In addition, here are just some of the verses that make no sense unless forgiveness is conditional on belief and repentance, e.g. Exodus 34:7, Joshua 24:19-20, 2 Chronicles 7:14, Proverbs 28:13, Isaiah 55:7, Jeremiah 36:3, Matthew 18:17, Mark 4:11-12, Luke 16:30, Luke 17:3-4 (compare Matthew 18:21-22), John 3:20-21, John 20:23, Romans 2:4, Acts 3:18-19, 2 Corinthians 7:10, 2 Peter 3:9, Revelation 2:22, etc. At some point, it should be clear that denying the need for repentance is denying most or all of the Bible. But of course, many preachers are known for ignoring Bible verses they don’t like (see Occam’s Razor).
Rejecting Universalism allows us to accept the wisdom of the Bible. Jesus said “I will not leave you comfortless“ (John 14:18). We can apply God's wisdom to the trials we go through on this earth. Consider what the Apostle Paul taught Timothy:
Alexander the coppersmith did me a great deal of harm. The Lord will repay him in keeping with his deeds. You be on guard against him too, because he vehemently opposed our words. 2 Timothy 4:14-15
Is Paul bitter and vindictive, so this a just another contradictory part of the Bible we should overlook? Is Paul openly defying Jesus’ command to forgive? No, Paul understood Jesus better than we do. With love, Paul warns Timothy how Lucifer works (1 John 3:8), and how his servant Alexander could do unspeakable harm to God’s work unnecessarily.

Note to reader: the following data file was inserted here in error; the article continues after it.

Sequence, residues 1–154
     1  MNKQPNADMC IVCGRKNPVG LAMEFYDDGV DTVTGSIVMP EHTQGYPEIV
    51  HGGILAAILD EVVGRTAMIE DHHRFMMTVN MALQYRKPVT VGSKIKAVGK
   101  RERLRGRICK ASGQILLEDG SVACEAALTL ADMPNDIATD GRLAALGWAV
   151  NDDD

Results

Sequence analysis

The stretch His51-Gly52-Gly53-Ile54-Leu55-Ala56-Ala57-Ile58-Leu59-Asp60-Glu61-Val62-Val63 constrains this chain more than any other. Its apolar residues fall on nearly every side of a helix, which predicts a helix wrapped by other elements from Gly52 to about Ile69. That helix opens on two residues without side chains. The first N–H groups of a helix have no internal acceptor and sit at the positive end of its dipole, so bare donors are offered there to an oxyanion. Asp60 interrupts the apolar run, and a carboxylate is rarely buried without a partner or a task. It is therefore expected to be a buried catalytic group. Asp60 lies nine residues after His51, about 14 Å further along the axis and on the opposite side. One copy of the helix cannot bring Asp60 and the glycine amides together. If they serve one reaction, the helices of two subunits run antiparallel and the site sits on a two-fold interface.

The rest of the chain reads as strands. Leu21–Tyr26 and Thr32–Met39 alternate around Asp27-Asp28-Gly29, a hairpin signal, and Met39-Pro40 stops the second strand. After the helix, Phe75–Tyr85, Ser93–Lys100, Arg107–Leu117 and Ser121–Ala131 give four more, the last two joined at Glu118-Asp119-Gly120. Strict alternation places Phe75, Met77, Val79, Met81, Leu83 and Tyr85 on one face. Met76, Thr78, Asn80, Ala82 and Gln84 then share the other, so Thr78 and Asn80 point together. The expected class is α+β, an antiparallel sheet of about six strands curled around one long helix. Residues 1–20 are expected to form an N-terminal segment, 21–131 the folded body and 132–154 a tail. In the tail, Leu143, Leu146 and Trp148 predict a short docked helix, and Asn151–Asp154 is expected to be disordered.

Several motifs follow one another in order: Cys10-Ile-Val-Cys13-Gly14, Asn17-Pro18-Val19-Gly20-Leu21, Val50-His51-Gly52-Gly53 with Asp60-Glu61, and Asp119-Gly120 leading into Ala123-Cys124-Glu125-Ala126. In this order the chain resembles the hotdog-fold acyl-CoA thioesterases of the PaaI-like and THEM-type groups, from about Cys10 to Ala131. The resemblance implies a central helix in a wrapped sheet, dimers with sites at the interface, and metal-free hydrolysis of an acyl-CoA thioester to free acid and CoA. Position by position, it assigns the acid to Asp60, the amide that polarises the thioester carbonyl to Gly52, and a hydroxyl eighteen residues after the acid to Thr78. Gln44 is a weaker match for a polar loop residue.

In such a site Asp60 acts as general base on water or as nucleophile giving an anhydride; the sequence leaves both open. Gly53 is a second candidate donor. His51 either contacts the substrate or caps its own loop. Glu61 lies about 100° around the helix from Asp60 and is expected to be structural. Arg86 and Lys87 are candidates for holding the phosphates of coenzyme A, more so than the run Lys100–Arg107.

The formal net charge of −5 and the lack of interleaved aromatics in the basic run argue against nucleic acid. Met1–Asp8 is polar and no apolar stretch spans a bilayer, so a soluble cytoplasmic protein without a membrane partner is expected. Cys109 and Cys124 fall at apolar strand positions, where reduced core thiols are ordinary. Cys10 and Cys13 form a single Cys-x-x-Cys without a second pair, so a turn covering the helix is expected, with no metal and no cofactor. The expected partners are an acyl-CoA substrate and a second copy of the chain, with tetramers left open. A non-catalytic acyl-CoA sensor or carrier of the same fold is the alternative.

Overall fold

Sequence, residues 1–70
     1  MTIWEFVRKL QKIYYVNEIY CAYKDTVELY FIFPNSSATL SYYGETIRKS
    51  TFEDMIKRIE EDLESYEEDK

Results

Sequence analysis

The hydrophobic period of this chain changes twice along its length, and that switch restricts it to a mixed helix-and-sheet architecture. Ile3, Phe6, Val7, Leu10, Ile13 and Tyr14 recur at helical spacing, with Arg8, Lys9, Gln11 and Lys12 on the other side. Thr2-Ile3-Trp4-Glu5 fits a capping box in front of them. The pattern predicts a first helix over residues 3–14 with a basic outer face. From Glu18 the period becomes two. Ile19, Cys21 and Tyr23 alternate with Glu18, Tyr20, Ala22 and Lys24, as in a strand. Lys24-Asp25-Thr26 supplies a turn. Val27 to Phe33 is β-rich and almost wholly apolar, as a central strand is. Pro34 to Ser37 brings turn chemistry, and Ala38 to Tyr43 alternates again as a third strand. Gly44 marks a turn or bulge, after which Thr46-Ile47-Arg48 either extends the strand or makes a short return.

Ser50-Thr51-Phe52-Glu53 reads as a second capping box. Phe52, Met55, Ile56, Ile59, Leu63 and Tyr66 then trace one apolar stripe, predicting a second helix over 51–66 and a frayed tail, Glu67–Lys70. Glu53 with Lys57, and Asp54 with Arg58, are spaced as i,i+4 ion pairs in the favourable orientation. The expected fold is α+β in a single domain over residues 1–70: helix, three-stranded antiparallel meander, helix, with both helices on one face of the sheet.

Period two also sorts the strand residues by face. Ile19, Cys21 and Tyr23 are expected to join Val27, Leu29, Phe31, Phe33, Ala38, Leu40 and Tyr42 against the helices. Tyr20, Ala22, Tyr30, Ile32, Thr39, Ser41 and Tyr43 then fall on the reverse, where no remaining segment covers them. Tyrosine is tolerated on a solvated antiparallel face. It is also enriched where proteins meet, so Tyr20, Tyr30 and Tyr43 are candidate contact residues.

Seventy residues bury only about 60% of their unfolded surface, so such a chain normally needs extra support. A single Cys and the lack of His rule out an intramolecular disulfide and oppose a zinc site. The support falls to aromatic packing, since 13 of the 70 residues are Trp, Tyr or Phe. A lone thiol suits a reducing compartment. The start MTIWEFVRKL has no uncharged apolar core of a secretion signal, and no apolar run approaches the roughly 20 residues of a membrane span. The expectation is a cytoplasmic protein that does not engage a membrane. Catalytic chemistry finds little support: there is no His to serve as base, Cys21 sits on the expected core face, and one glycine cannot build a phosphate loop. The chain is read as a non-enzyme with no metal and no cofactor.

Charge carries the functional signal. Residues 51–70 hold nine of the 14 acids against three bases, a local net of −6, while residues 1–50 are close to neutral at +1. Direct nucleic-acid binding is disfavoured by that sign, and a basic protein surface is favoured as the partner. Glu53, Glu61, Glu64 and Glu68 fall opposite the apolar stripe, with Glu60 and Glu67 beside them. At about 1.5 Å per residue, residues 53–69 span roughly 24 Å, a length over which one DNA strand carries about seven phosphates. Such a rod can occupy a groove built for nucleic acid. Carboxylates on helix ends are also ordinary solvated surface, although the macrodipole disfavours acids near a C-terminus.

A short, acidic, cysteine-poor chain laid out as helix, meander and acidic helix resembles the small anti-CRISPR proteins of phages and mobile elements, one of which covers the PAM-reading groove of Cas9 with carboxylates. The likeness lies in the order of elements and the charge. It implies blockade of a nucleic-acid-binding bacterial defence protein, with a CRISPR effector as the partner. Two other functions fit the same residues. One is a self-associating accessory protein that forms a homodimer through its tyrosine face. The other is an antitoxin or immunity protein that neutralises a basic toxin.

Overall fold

Echoing Moses (Deuteronomy 32:35), David (1 Samuel 24:12), Solomon (Proverbs 20:22), Ezekiel (Ezekiel 25:17), and the author of Hebrews (10:30), Paul (Romans 12:19) does not try to get revenge on Alexander, nor wish any malice on him (Ephesians 4:31, 1 Peter 2:1-3), but has faith that the Lord will take care of that situation (Galatians 6:7-8). Instead of trying to take over God's responsibility to bring justice to this earth (1 Samuel 25:32-33), Christians should have the faith to know that a more perfect and even terrible justice will surely be done (Revelation 19:13). Truly understanding that can bring some peace, if not perfect peace (Isaiah 26:3, Philippians 4:7).